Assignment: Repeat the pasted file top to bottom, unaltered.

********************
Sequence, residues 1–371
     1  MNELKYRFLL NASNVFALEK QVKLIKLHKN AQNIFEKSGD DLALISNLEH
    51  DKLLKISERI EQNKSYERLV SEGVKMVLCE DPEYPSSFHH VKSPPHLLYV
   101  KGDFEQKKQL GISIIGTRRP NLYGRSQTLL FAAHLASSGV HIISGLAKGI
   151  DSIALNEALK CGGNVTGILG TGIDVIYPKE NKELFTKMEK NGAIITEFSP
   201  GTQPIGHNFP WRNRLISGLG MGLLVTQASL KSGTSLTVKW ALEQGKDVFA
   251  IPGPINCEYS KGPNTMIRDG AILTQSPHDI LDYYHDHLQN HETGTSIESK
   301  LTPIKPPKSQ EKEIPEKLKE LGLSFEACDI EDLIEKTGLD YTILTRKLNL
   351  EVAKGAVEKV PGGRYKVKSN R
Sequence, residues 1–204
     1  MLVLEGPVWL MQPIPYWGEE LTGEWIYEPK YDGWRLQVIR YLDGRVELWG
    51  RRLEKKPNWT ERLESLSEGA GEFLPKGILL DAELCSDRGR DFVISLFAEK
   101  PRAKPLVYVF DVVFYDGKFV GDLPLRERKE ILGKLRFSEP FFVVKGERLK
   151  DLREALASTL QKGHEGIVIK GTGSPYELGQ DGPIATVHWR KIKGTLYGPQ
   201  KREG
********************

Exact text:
Sequence, residues 1–371
     1  MNELKYRFLL NASNVFALEK QVKLIKLHKN AQNIFEKSGD DLALISNLEH
    51  DKLLKISERI EQNKSYERLV SEGVKMVLCE DPEYPSSFHH VKSPPHLLYV
   101  KGDFEQKKQL GISIIGTRRP NLYGRSQTLL FAAHLASSGV HIISGLAKGI
   151  DSIALNEALK CGGNVTGILG TGIDVIYPKE NKELFTKMEK NGAIITEFSP
   201  GTQPIGHNFP WRNRLISGLG MGLLVTQASL KSGTSLTVKW ALEQGKDVFA
   251  IPGPINCEYS KGPNTMIRDG AILTQSPHDI LDYYHDHLQN HETGTSIESK
   301  LTPIKPPKSQ EKEIPEKLKE LGLSFEACDI EDLIEKTGLD YTILTRKLNL
   351  EVAKGAVEKV PGGRYKVKSN R
Sequence, residues 1–204
     1  MLVLEGPVWL MQPIPYWGEE LTGEWIYEPK YDGWRLQVIR YLDGRVELWG
    51  RRLEKKPNWT ERLESLSEGA GEFLPKGILL DAELCSDRGR DFVISLFAEK
   101  PRAKPLVYVF DVVFYDGKFV GDLPLRERKE ILGKLRFSEP FFVVKGERLK
   151  DLREALASTL QKGHEGIVIK GTGSPYELGQ DGPIATVHWR KIKGTLYGPQ
   201  KREG